Oral manifestations encompass anodontia, complete or partial hypodontia, impacted teeth, loss of vertical dimensions of occlusion, prominent lips, deformed and peg-shaped or conical teeth and deficient alveolar growth. Oral symptoms of ED comprise multiple tooth defects, and an underdeveloped alveolar ridge can complicate the restoration of an ideal occlusion, especially in a growing child.[14]

Children with ED show maxillary retrusion due to sagittally underdeveloped maxilla, forward and upward displacement of the mandible and collapsed anterior facial height. The palatal arch is frequently high, and cleft palate may be present.[15]

Other facial features include reduced facial vertical dimension associated with perioral fissuring (pseudo-rhagades), imparting a senile look at an early age, hypotonicity of the perioral musculature and short stature.

Our patient presented with a concave profile (prognathic mandible) with a reduced anterior facial height, lustreless hair with premature graying, multiple missing teeth, underdeveloped alveolar arches, maxillary hypoplasia and prognathic mandible.

ED is usually diagnosed clinically. Medical history and radiographic evaluation also play an essential role in the diagnosis.[16]

The present case manifested typical radiographic features of multiple missing and submerged teeth, abnormal crown morphology of erupted teeth and deficient alveolar arches.

Sweat pore count is performed employing starch-iodine powder. The powder is applied to dried dorsal/palmar skin surface. In normal individuals, sweat reacts with the powder and produces deep purple color and allows visualization of sweat pores. However, in ED patients, sweat pores are not/poorly seen.[17]

In the present case, sweat pore count test was carried out with 2% iodine in alcohol. The test exhibited hypohidrosis, characteristic for ED.

Histopathology of palmar skin from the hypothenar areas reveals either completely absent or sparse and incompletely developed eccrine glands. Prenatal diagnosis of HED can be done with fetal skin biopsy, obtained by fetoscopy by 20 weeks. However, this practice is intricate and may pose a substantial risk to the pregnancy.[9]

The essential diagnostic aid in ED is genetic testing/genetic mapping. This test reveals the causal gene and the exact site of mutation. The test also forms a basis for genetic counseling, thus ensuring avoidance of consanguineous marriages and provision of essential medical care.[16]

In the present case, skin biopsy and genetic analysis could not be performed due to financial constraints and nonwillingness of the patient and parents.

There is no definitive pharmacological treatment for ED. The patients are managed according to the involved ectodermal structures.[18] The preventive measures for HED patients include wearing light clothes, air conditioning for the environment, a cool water spray bottle, artificial tear use and petroleum jelly application for protection of nasal mucosa.[19]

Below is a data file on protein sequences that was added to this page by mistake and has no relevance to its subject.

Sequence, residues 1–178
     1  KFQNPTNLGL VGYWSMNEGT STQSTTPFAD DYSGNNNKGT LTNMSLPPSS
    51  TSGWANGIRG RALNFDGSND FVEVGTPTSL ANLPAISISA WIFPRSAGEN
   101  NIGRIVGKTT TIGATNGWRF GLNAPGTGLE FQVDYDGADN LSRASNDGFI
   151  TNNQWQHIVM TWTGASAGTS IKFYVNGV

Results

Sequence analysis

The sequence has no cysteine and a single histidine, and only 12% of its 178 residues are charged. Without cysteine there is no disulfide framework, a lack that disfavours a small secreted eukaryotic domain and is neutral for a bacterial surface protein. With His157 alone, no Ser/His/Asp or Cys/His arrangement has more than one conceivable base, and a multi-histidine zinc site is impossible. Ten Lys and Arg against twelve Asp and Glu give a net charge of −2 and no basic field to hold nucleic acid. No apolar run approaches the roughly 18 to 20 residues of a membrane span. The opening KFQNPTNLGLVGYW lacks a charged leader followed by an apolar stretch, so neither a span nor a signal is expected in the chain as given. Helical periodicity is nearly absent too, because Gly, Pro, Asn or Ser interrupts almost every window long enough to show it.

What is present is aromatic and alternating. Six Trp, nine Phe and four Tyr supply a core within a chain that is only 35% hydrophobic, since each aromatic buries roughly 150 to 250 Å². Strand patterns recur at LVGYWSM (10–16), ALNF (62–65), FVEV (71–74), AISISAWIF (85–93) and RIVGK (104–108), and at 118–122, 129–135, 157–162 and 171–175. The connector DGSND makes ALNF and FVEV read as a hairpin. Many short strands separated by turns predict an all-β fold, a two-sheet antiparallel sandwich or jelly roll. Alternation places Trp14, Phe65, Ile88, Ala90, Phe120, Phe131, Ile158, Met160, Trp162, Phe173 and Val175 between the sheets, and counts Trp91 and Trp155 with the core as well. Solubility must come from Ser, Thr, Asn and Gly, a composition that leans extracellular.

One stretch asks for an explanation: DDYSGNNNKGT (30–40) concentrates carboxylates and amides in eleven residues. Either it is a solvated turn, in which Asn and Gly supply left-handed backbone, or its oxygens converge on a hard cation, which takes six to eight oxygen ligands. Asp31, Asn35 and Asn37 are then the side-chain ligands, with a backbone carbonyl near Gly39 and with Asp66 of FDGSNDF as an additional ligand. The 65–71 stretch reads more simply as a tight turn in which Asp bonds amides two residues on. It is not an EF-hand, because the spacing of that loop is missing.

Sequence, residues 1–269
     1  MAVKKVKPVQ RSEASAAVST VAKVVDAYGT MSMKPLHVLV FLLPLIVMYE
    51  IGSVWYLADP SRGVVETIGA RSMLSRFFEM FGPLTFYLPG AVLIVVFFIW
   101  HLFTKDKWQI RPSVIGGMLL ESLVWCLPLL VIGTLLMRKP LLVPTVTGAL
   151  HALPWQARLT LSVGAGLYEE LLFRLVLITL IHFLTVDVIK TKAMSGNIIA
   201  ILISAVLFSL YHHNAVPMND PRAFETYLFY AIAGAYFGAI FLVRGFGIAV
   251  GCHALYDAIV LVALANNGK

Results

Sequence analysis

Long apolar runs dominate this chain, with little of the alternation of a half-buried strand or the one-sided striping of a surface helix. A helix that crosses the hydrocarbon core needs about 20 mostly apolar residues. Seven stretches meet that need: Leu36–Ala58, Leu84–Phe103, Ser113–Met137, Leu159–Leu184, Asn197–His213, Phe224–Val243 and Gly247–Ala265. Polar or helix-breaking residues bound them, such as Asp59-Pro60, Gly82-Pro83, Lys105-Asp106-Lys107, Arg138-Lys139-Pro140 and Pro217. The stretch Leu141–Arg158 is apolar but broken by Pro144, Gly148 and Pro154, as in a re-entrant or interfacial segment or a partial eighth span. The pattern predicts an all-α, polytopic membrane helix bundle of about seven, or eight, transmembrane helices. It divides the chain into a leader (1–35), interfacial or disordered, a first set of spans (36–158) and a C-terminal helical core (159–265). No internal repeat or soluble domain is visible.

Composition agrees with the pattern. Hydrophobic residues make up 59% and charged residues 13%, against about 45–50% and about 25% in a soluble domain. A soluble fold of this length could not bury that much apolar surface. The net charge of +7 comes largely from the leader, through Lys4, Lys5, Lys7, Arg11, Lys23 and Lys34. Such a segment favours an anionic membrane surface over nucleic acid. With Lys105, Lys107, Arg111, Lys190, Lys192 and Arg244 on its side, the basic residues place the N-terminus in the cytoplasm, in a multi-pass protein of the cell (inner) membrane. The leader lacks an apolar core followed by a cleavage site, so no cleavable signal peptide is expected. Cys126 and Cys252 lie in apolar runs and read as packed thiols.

Our patient was advised to maintain hydration and temperature regulation by frequent intake of water and fluids and wearing light clothing.

Oral rehabilitation should be initiated as early as possible to combat the cosmetic, functional and psychological aspects in these patients. However, prosthetic rehabilitation of these patients may pose therapeutic challenges because of the associated oral deformities and the patient's age.[1]

There exists a range of dental management alternatives for ED. The condition can be managed with removable prosthesis including overdentures, fixed prosthesis, implant-retained prosthesis, implant-supported prosthesis or combination based on the degree of disease.[20]

The standard management protocol for ED emphasizes a series of complete or partial dentures during the dentofacial growth phase and precise prosthodontic rehabilitation following cessation of the jaw growth.[21]

The patient in the present case was treated with a maxillary partial denture and mandibular complete denture. The patient was recalled for postinsertion checkup after 24 h and after 1 week.


EDs are rare genetic disorders which manifest with multiple defects in ectodermal derived tissues. The disease usually has an X-linked inheritance pattern primarily affecting males. Our case was exceptionally rare as the proband was a young female born to consanguineous marriage in asymptomatic parents with disease expression in an older female sibling, suggesting a possible autosomal recessive inheritance mode.


We thank the patient and her parents for allowing us to share this interesting case. The authors would like to acknowledge Dr. Rana Noor, Professor, Department of Biochemistry, Faculty of Dentistry, Jamia Millia Islamia, for providing 2% iodine in alcohol for sweat pore count test. The authors would also acknowledge the contribution of Dr. Shazina Saeed, Assistant Professor, Amity Institute of Public Health, Amity University, for the Pedigree analysis.

Declaration of patient consent

The authors certify that they have obtained all appropriate patient consent forms. In the form, the patient has given her consent for her images and other clinical information to be reported in the journal. The patient understands that name and initials will not be published and due efforts will be made to conceal identity, but anonymity cannot be guaranteed.

Financial support and sponsorship


Conflicts of interest

There are no conflicts of interest.